• Biodiversity deconstruction;
  • boreal forest;
  • co-occurrence;
  • indicator species;
  • null model analysis


Aim  Using total species richness to characterize biodiversity may mask multiple response patterns of species. We propose a null model analysis of species co-occurrence-based classification to identify sets of species that may have similar (within-groups) and distinct (between groups) response patterns to their environment. The classification should also provide an explicit framework for selecting indicator species with characteristic co-occurrence patterns to predict overall species richness.

Location  Côte-Nord, Québec, Canada.

Methods  We combined null-model of species co-occurrence and cluster analysis to identify species groups within diverse assemblages of ground-dwelling and flying beetles of stands in a boreal forest mosaic; we then examined their co-occurrence and response patterns to habitat characteristics. Best subset regressions were used to select indicator species of richness within each group, from which indicators of total species richness were selected.

Results  The identified species groups appeared to display contrasting co-occurrence and response patterns to at least one of the stand-level habitat characteristics. Among flying beetles, for example, richness increased with stand-level heterogeneity for two groups and decreased for two other groups, but the relationship was non-significant for the total richness. We identified 28 indicator species that explained > 80% (validated by bootstrap analysis) of the variation in total species richness. Predictive performance of indicators was higher than when their co-occurrence were reshuffled, even under a highly constrained null model, indicating that co-occurrence patterns contributed to their predictive performance.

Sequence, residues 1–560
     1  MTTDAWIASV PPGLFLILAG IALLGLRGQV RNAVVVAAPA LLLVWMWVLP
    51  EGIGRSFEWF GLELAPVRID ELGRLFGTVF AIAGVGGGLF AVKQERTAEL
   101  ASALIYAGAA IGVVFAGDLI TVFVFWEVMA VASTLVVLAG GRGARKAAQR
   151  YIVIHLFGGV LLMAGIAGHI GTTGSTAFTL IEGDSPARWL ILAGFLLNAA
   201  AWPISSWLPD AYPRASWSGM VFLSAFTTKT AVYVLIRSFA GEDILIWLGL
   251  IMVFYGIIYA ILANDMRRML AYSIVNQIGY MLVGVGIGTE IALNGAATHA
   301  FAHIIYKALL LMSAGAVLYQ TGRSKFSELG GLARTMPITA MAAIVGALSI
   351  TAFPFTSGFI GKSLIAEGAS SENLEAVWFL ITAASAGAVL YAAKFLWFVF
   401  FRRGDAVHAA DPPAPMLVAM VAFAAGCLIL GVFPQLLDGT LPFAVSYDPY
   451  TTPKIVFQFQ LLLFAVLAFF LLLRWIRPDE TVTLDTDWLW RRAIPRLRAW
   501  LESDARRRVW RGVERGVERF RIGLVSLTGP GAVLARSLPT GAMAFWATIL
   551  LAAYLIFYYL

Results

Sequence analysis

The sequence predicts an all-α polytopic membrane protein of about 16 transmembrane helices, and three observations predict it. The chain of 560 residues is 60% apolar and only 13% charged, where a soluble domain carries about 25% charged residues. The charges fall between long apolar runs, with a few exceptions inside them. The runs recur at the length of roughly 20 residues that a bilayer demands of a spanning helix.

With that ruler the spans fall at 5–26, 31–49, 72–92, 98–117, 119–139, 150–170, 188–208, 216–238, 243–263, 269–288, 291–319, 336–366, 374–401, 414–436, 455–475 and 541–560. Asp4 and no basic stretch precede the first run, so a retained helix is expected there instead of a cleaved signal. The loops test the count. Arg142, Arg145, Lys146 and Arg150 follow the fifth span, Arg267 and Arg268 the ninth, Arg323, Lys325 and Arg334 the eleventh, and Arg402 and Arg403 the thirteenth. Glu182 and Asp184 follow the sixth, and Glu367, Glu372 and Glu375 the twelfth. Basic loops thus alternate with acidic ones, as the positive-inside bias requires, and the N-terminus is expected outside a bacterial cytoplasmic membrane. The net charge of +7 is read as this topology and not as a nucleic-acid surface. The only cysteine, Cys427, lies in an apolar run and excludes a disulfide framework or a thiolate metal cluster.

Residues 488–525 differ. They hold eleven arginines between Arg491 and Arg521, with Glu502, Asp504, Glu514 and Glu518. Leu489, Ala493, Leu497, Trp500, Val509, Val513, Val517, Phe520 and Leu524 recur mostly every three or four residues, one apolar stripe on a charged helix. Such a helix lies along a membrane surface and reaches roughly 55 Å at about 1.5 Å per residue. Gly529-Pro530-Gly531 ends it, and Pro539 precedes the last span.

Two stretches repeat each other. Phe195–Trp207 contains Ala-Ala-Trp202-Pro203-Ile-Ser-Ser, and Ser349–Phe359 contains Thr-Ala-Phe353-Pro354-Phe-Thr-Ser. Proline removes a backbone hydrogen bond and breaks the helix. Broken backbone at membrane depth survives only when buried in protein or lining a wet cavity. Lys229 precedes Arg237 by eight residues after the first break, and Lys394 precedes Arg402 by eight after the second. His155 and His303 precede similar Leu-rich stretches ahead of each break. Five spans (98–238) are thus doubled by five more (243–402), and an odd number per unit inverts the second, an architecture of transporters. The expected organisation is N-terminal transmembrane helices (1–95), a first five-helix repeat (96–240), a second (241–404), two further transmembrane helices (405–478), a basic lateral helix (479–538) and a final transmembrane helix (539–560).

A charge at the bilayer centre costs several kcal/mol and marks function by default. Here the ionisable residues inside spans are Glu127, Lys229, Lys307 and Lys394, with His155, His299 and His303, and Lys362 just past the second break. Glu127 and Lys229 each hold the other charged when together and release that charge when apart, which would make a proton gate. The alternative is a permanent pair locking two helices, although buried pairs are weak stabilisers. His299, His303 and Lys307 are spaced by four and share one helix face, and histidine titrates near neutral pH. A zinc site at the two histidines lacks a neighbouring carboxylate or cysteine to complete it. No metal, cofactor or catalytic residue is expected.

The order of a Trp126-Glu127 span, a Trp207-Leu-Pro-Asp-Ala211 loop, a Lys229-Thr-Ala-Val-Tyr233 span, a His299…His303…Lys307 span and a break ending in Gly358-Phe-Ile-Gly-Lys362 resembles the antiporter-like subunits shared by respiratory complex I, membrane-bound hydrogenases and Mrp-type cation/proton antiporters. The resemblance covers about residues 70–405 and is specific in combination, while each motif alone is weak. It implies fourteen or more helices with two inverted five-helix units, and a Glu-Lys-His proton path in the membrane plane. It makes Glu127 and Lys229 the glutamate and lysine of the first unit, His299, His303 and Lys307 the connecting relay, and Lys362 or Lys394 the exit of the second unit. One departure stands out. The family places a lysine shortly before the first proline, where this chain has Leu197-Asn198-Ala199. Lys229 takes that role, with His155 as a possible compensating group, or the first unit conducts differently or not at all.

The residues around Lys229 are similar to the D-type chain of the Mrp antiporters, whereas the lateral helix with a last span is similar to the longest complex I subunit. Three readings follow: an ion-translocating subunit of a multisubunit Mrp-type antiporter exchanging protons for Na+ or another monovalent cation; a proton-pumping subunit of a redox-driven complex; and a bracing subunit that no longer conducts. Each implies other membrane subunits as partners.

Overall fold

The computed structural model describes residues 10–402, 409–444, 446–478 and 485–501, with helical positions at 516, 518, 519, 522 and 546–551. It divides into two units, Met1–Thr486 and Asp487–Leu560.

Main conclusions  Co-occurrence-based classification appears as a promising and effective tool for deconstructing biodiversity into species groups which reflect their ecological commonalities and differences, thus reducing the risk of making faulty inferences about the causes underlying overall diversity patterns. The method provides an explicit framework for selecting indicator species representing different species groups that may reflect the multiple responses of species co-occurring with them. Indicator species can be effective for predicting overall species richness.